Go long on cocoa after Gbagbo – just don’t hold too long

 
Philip Salter
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ACCOUNTING for over 40 per cent of the world’s production, Ivory Coast’s recent political crisis sent the price of cocoa soaring. However, it fell as quickly as it rose, and with the political situation resolved, traders now need to decide whether it has fallen too far or not far enough.

Despite President Alassane Ouattara’s victory at the ballot box in Ivory Coast’s elections at the end of last year, he was unable to formally take office until French special forces arrested former leader Laurent Gbagbo on 11 April. In between, Ouattara had banned the export of cocoa to pressurise Gbagbo’s departure. The US, EU and African Union all upheld the ban to support the rightful victor, and now these prohibitions are being rescinded.

David Jones of IG Markets explains that during the crisis we saw “some big moves in both directions – London Cocoa ran up to 2,400 in March, from around 1,900 at the end of 2010 – but as things seem to be getting sorted out it has gone all the way back down again to 1,900.” Despite these sharp moves, traders have had the distractions of events in north Africa and the Japanese earthquake to deal with. Once the stockpiled cocoa hits the market, the question will be whether the price will drop further or whether the market has already factored this in. Jones says “1,800 has been a floor in recent times, if someone was of the opinion that the price has overshot to the downside there is a good risk reward down here if buying at 1,917 (July London Cocoa) with a stop beyond 1,800, looking for a move back up to the early 20s.”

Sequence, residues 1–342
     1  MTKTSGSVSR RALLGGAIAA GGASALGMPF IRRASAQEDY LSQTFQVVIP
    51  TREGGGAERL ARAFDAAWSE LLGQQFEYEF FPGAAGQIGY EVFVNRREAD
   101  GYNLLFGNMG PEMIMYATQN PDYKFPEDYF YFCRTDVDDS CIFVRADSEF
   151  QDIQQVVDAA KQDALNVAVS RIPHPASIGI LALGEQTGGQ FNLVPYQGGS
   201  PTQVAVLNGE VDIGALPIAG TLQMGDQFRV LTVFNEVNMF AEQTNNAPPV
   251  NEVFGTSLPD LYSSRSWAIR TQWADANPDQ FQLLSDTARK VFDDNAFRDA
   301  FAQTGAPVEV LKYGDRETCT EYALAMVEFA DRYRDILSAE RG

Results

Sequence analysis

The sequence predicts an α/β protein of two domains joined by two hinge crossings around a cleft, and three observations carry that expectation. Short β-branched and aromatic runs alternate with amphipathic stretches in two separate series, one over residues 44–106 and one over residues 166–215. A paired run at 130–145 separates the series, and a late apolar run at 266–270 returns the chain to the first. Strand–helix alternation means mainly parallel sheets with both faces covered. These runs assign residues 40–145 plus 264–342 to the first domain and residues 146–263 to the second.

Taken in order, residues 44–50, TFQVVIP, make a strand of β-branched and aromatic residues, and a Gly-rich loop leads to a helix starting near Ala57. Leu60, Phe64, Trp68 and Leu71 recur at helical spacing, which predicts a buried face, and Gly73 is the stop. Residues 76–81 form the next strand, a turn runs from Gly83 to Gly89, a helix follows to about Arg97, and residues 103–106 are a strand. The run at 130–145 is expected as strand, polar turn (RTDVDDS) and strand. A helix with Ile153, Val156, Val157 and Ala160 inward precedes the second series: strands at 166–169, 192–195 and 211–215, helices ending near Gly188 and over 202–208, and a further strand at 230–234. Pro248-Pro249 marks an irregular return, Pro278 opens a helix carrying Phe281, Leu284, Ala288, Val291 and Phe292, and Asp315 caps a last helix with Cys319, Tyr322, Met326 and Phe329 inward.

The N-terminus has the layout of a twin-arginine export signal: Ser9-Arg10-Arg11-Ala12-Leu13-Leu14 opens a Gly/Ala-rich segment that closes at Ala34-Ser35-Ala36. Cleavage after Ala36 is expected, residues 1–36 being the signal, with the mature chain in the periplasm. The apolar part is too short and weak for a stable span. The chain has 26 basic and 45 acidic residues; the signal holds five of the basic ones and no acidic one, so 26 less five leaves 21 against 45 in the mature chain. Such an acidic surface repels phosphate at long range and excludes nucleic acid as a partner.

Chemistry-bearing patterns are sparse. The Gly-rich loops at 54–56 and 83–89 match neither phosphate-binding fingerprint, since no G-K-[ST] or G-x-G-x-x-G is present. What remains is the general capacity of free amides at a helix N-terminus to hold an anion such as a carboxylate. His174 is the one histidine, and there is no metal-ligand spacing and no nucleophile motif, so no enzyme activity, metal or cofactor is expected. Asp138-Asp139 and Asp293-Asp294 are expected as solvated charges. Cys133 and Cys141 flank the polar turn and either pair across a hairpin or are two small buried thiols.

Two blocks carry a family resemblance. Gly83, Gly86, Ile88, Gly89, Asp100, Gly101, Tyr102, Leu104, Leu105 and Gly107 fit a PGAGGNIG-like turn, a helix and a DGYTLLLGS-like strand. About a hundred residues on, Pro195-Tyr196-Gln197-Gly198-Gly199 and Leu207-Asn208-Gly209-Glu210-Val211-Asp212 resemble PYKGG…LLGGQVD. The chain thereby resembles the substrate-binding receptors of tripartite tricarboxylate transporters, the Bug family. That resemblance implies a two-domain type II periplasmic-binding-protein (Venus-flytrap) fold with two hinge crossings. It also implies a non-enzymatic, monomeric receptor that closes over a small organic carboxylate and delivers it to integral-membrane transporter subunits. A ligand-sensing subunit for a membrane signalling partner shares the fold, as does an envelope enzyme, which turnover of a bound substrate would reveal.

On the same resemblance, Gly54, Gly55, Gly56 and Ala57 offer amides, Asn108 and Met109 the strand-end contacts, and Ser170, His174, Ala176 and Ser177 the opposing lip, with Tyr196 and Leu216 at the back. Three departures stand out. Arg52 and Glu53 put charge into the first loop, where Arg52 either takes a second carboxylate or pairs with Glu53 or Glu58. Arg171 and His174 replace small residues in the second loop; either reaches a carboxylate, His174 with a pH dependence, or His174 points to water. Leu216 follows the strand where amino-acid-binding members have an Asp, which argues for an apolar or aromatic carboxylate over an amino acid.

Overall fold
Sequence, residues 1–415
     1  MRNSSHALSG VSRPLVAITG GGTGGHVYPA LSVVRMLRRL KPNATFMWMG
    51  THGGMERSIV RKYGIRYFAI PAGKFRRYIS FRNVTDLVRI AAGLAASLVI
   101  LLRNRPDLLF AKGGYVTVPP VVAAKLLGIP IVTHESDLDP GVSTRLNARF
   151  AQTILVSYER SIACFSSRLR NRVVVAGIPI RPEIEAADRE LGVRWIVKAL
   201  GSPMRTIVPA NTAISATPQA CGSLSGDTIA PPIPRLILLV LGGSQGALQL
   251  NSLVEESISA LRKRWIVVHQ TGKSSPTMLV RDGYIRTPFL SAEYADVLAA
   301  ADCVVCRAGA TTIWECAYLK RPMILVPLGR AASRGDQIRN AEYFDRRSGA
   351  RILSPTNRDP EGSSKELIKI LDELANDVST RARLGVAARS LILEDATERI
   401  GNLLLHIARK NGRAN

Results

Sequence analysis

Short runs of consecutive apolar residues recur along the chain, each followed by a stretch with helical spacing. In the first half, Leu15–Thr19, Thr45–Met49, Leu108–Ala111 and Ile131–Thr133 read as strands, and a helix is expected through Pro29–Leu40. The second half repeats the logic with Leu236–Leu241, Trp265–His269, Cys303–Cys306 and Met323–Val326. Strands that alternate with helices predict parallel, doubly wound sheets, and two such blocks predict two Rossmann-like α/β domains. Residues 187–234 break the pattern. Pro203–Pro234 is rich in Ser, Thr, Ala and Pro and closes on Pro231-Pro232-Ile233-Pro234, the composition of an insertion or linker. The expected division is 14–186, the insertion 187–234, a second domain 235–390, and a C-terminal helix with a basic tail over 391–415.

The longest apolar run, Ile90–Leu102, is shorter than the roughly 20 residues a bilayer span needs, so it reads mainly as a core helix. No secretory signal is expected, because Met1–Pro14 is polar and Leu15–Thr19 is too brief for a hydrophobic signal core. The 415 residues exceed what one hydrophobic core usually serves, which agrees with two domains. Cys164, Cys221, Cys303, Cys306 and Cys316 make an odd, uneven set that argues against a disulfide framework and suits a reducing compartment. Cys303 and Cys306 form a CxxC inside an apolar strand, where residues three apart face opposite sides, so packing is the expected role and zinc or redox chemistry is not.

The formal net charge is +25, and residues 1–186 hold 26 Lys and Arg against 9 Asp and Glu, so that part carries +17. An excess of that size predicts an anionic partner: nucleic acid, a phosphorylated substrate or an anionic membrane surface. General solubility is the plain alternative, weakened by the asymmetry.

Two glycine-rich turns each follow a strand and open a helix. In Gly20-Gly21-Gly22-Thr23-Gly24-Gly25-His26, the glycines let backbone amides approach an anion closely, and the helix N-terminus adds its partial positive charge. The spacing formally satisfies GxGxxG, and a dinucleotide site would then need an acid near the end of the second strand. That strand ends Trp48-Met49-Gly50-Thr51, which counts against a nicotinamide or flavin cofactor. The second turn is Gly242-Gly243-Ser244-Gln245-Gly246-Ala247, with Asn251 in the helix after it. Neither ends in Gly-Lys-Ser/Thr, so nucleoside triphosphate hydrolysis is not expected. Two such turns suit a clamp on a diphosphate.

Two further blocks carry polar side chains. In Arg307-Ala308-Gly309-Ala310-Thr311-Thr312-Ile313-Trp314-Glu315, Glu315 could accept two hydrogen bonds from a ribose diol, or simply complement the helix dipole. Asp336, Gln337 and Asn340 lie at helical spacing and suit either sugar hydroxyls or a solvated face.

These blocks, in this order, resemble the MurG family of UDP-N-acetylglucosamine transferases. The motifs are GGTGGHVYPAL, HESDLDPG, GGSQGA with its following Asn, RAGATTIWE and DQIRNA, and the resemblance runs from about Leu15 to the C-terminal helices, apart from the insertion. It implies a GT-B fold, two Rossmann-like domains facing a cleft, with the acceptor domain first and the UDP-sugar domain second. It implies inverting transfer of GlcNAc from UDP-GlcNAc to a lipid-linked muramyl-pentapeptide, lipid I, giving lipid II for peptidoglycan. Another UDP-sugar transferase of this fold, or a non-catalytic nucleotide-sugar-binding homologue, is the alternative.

According to Goldman Sachs’s Commodity Watch paper of 15 April, cocoa will “decline given this year’s large West African production which points to a market in surplus for the 2010/11 crop year and a global stocks-to-use ratio back to its highest level since 2005.” However, the paper cites some medium-term factors pushing the price up: “As demand continues to grow, the production outlook for Ivory Coast will remain key as aging orchards, poor infrastructure and political instability have curbed production and investment over the past few years. Further, while La Nina was beneficial to west African production, a return to neutral weather conditions suggests that 2011/12 production will not be as large as the current crop.”

A bet on cocoa is a bet for or against Ivory Coast. Despite the large amount of cocoa about to enter the market the price should be pushed up in the medium-term. Therefore, if you are hunting for profits, cocoa could be the golden egg you are looking for.